b) encrypt and decrypt using 2-key and 3-key DES

    c) require keylengths of 128 and 192 bits, respectively

    d) DES algorithm itself has an effective key length of 56-bits


    Chris Kempster
    www.chriskempster.com
    Author of "SQL Server Backup, Recovery & Troubleshooting"
    Author of "SQL Server 2k for the Oracle DBA"

  • Steve Jones - SSC Editor

    SSC Guru

    Points: 719935

    Interesting, but this still doesn't solve the key issue. Transmitting the key along with the data defeats the purpose to some extent. Any tool like profiler or a network sniffer would render this useless.

    Steve Jones

    steve@dkranch.net

  • karhatsu

    SSC Rookie

    Points: 26

    These are valid points. Enhanced security will always have a price, and in the Database world, that equals response time. If security is that important to your organization then I would approach it like most other problems, do everything you can to tighten up the code then make up for the rest by scaling up. In this case since Disk IO is the potential bottleneck, I would consider implementing a Solid State SAN. There is no seek time to speak of and the randow reads are the same as sequential reads. As far as transmitting the data, SSL on ASP pages does pretty well, again performance is just a matter of how much you want to spend.

  • Steve Jones - SSC Editor

    SSC Guru

    Points: 719935

    I agree with your points. I'd consider encyption for non-key fields, like salary. However, I'd want to place the key management in someone else's hands. After all if I hold the keys, why bother encrypting?

    Steve Jones

    steve@dkranch.net

  • Aldex

    Mr or Mrs. 500

    Points: 564

    Steve,

    I agree with the general scope of your argument but one area where I have used encryption in the past is for credit card numbers. We developed a bespoke VB/SQL system for a retail client which holds over a hundred thousand credit card numbers. I am not too happy about leaving those in clear type, especially as the user (who is also the DBA) is not especially technically competent and we can't rely on them maintaining tight database security. As a solution we implemented a client side encryption/decryption routine; it may not be proof against a security expert but should be okay otherwise.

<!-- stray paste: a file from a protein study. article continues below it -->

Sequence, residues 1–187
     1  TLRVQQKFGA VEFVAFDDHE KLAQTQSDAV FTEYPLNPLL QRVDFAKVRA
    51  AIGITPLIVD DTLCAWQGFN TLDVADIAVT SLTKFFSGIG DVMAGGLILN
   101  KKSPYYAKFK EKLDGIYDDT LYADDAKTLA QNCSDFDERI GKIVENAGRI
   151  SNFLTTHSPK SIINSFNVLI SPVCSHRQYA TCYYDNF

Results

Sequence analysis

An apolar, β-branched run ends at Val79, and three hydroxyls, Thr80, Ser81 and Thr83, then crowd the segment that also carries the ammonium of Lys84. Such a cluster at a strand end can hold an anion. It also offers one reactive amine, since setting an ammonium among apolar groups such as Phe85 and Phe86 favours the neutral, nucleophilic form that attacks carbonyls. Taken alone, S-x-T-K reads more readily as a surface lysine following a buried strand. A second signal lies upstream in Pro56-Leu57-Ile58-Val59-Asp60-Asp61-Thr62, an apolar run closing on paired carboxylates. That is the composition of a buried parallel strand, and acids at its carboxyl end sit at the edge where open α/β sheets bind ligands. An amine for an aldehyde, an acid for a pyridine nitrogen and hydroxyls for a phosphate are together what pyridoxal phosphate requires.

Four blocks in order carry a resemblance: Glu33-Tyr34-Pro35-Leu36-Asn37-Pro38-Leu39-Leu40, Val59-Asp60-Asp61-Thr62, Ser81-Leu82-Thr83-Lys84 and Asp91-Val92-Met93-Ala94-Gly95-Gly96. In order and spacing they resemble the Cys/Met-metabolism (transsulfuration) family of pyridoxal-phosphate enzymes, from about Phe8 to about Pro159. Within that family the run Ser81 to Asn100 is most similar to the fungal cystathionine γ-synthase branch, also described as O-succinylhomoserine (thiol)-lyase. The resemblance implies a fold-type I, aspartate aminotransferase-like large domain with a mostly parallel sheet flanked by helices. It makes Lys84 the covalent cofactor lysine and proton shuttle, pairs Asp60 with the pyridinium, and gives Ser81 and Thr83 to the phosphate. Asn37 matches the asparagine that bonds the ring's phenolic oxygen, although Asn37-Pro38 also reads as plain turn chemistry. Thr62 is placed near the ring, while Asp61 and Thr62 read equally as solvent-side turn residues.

What are your thoughts on this? This is a similar situation to the salary issues noted earlier. ie a small, discrete item of data that is not subject to sorting, filtering, searching, etc. The alternative of leaving this data unencrypted would worry me!

    Also should not decryption be done at the client rather than on the server? If data is decrypted on the server then anyone with a packet sniffer can just read the now unencrypted data, which rather defeats the point.

    Keep up the good work! 

    Regards

    David Saville

    dps@aldex.co.uk

    http://www.aldex.co.uk

     

  • Hans Munkwitz-320841

    Old Hand

    Points: 301

    In the section "So why encrypt?" you seem to have forgotten about those institutions that are required by law to encrypt, if not all, at least part of their data. (i.e. Sarbane/Oxley requires that TAXIDS, etc be encrypted or made 'unreadable'). Does anyone have a suggestion of how to comply with this law using a method better, more secure, faster, easier to implement and maintain than to just to "encrypt" the required columns, fields, etc?